Sunday, August 2, 2009

Black and White Sunday

The Master of Black and White Photography

Big Sur 1980

Ansel Adams

(Feb.20 1902-April 22 1984)
American Photographer.
He trained as a musician and supported himself by teaching the piano until 1930. He became involved with photography 1916 when his parents presented him with a Kodak Box Brownie camera during a summer vacation to Yosemite National Park. In 1917-18 he worked part-time in a photo finishing business. From 1920-27 he served as a custodian of LaConte Memorial in Yosemite the Sierra Club's headquarters. His duties included weekly expeditions thru the valley and rims during which he continued to photograph the landscapes. He considered his snapshots of Yosemite and the Sierra Nevada Mountains, taken during the early twenties to be a visual diary, the work of an ardent hobbyist. In 1923 he used a Korona 6 1/2 * 8 1/2" view finder camera on his pack trips and in 1927 he spend the afternoon making one of his most famous images Monotith, the Face of Half Dome, Yosemite Natonal Park, Adams planned his photography, waited for the exact sunlight he desired and used a red filter to darken the sky against the monumental cliff. He later refered to his image as his first visualization of the subject, not as it appeared in reality but how it felt to me and how it must appear in the finished print.

Monolith, the face of half dome

Teton And the Snake River

Cathedral Peak and Lake 1938

Dogwood Blossoms 1938

Farm workers in Manzanar War Relocation Center. Mt. Williamson in the background. Manzanar is well known for being one of the 10 site where over 110,000 Japanese American were imprisoned during WWII.

Sierra Nevada Winter Evening

Jeffery Pine Sentinel Dome

Orchard Early Morning

El Capitan Merced River, Clouds

White Branches Mono Lake

Moon and Half Dome

In 1968 Ansel Adams was awarded the Conservation Service Award, the Interior Dept. highest civilian honor " in recognition of your many years of distinguished work as a photographer, artist, interpreter and conservationist, a role in which your efforts have been of profound importance in the conservation of our great natural resources."

Adams was often criticized for not including humans in his photographs and for representing an idealizing wilderness that no longer exists. However, it is in large part thanks to Adams that these pristine areas have been protected for years to come.

Why was Ansel Adams revered by Americans like no other artist or conservationist has been? William Turnage explains " More than any other influential American of his epoch Adams believed both in the possibilities and the probability of humankind living in harmony and balance with it's environment.

For more on his biography click HERE

Art Encyclopedia from

Hope you enjoyed reading about a man I've admired for as long as I can remember. Please take the time to visit your parks and nature preserves or even just taking a walk in the woods and explore the wonder that is out there.

Oh and don't forget to bring your we can all see what you discover too.

We don't all need to be an "Ansel Adams" to inspire each other.

Have a
Happy Black and White Sunday
hosted by Anne Marie (who always inspires me)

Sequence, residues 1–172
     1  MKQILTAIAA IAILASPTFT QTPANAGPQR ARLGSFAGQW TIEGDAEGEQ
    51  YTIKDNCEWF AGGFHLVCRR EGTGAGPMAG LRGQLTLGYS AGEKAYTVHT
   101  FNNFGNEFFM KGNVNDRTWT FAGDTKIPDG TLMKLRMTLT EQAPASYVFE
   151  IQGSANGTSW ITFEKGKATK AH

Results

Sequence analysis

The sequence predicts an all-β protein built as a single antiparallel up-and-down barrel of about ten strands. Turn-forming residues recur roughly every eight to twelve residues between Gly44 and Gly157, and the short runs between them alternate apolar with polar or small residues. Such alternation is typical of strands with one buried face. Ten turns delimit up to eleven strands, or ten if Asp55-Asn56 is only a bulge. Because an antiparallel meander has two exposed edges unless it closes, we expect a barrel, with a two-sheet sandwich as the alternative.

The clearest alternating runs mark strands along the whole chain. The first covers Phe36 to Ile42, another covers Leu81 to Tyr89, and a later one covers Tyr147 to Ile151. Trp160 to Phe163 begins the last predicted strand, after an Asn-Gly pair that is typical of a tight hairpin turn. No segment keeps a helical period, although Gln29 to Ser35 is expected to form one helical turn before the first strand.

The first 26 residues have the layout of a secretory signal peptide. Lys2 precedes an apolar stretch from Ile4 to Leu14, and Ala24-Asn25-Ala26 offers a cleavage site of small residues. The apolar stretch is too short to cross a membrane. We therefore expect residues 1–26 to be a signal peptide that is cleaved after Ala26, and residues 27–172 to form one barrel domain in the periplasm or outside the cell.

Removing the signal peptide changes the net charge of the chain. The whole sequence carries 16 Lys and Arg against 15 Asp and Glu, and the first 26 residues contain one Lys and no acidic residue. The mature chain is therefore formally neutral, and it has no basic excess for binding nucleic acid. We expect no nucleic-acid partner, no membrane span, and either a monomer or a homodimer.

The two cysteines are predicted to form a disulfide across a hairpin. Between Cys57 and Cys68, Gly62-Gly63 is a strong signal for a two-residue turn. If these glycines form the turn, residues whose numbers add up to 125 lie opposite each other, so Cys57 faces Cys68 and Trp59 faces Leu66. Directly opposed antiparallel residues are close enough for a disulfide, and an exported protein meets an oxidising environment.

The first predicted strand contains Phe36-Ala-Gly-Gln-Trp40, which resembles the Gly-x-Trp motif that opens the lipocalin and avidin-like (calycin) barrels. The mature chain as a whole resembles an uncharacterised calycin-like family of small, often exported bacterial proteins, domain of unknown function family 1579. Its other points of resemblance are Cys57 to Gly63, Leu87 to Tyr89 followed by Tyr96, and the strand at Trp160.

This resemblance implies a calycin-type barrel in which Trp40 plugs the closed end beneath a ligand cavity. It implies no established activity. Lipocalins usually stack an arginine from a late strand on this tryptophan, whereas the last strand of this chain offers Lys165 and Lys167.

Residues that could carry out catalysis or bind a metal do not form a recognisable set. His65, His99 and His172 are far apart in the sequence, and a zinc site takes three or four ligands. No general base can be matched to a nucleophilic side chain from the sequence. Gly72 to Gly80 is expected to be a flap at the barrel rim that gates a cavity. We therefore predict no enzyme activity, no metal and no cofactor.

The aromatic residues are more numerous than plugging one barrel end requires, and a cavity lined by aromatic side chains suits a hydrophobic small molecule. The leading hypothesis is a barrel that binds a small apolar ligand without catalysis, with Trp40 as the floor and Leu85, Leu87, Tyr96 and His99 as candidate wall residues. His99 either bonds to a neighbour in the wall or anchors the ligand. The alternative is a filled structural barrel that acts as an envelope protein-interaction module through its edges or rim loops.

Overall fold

Thanks for coming by and feel free to leave a comment!
I'd love to here from you.


Anne Marie said...

oh Carole, this post was dreamy.........his talent and conservation efforts are what pushed me into the field I studied......he was a genious

have a great Sunday~

Julie@beingRUBY said...

Carole, Carole. What a stunning post and what a photographer!! He certainly had a gift like no other. His ability to transport you to another world has had me fascinated for many years. I remember the first time I saw his work I was in awe. Thank you for this fascinating insight into a true genius. Would love to have the little box brownie also!! Have a great Sunday! x Julie

Laura @ 52 FLEA said...

Beautiful post Carole! Ansel Adams is like no other....Thanks for the inspiration! :)Laura

erin's art and gardens said...

oohhh.......yes...ansel adams! wonderful post. i found some "box brownies" at the flea market last weekend which totally tempted me ($13 a piece) didn't know what to do with them though? these photos are soooo inspiring. thank you. "humankind living in harmony and balance with it's environment"...yes, yes, yes! my mantra. thanks for visiting my blog and yes that is penstemon, husker red. love its dark stems in contrast with the white blooms. happy sunday to you. erin

Les Cotrions said...

Faboulous post! I adore b&w photographs! Thanks for sharing these wonderful ones!
Happy new week!

MJ Ornaments said...

What a gorgeous post. I have always loved Ansel Adams, his work is dreamy and thoughtful. I hiked up half dome, and it was amazing, but I'd never do it again because it was too scary! Thanks for the lovely post Carole.
Take care,

Chrissy...The Apothecary Shop said...

What a shock,that you too love his work..I had one of his prints in my very first apt.back in 1983....go figure!!Hope you are well my friend,Chrissy

Dawn said...

Loving Ansel Adams photos is almost a requirement living here so close to Yosemite.
The half dome photos are my favorite. My dad, my aunt, and I took a 3 day backpacking trip up Half Dome when I was 10. I got scared half way up the cables (up the back side) and had to back down. My dad had to go on up because my aunt was ahead of us. The view from the base of the cables was stunning enough. I didn't need to go all the way to the top!

Chemin des Muguets said...

Hello Carole,

Here I am in Carmel - the land of Ansel Adams. So your posting really hit home with its beauty and majesty!

I am a new follower, and love your blog.

P.S. I just bought a collection of lp records that belonged to AA.